Extra Vitamin D May Improve Heart Health in Black Teens
2,000 IU daily led to less arterial stiffness in those with vitamin deficiency
THURSDAY, Aug. 5, 2010 (HealthDay News) -- Black teens can gain a measure of protection from heart disease by taking daily vitamin D supplementation at levels that are five times the current recommendations, new research suggests.
Specifically, high amounts of vitamin D at doses of 2,000 International Units (IU) per day appears to spur an increase in the flexibility of blood vessels while alleviating arterial stiffness among black youth in the United States, the study authors reported.
The finding was released online in advance of publication in an upcoming print issue of the Journal of Clinical Endocrinology & Metabolism, by a team of researchers from the Medical College of Georgia (MCG) Georgia Prevention Institute.
Vitamin D deficiency can lead to depressed mood and energy levels, weakened bones and cardiovascular complications. The study authors noted that blacks generally face a higher risk for serious heart disease, while also facing difficulties in absorbing vitamin D from sun exposure due to dark skin pigmentation.
At the moment, the recommended dose for vitamin D consumption is set at 400 IUs per day, with 2,000 IUs per day considered to be the upper limit for safety, noted study author Dr. Yanbin Dong, a geneticist and cardiologist at the Georgia Prevention Institute, and co-director of the MCG Diabetes and Obesity Discovery Institute.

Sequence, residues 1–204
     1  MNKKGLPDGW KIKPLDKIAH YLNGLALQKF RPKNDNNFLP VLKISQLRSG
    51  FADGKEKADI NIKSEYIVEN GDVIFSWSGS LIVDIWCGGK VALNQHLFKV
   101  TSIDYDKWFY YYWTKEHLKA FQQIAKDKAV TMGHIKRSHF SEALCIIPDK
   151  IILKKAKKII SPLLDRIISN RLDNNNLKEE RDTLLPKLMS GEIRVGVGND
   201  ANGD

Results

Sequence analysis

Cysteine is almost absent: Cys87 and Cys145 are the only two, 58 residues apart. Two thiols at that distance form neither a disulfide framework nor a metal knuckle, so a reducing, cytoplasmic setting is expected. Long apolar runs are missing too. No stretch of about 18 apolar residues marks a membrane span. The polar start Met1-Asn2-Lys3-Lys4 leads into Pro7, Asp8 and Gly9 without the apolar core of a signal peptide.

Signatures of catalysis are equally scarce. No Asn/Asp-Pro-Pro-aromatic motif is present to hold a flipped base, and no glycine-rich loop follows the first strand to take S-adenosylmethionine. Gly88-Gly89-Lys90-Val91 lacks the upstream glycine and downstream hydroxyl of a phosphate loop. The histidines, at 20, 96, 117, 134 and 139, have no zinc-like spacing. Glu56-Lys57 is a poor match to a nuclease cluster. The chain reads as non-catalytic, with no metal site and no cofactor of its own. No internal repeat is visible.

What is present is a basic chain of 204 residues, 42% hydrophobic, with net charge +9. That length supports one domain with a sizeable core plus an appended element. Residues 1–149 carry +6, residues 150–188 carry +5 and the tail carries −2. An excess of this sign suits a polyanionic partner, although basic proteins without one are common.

Dong and his colleagues tracked vitamin D consumption among 44 vitamin D-deficient black teens living in Augusta, Ga., a region with a great deal of sunlight.
Participants were given either 400 IUs or 2,000 IUs over a four-month period, during which blood levels of the vitamin were monitored.
While experiencing some increase in vitamin D blood levels, none of the teens who took just 400 IUs reached vitamin D sufficiency, the authors observed.
Those children taking 2,000 IUs per day developed no toxic complications as a result, while appearing to benefit from the fact that those with the highest vitamin D levels developed the most flexible blood vessels. In turn, such increased flexibility can diminish the risk for high blood pressure and narrowing of the arteries, the team noted.
Cardiologist Dr. Paul Underwood, the Phoenix-based past president of the Association of Black Cardiologists, described the study as "unsurprising, but useful."
"In the past we had not considered African-Americans to be a group that was particularly at risk for vitamin D deficiency," he noted. "In fact, I personally had believed that vitamin D was a non-issue for this community among those with enough exposure to sunlight and a healthy diet," he explained.
"But recently this accepted idea has been the subject of a lot of debate and discussion," Underwood noted. "So I think studies of this kind -- studies that look at racial variations in terms of both the genetic and social roots of risk -- need to be done, because they challenge the misconception that vitamin D deficiency is a non-issue among this group.
For more on vitamin D, visit the U.S. National Institutes of Health.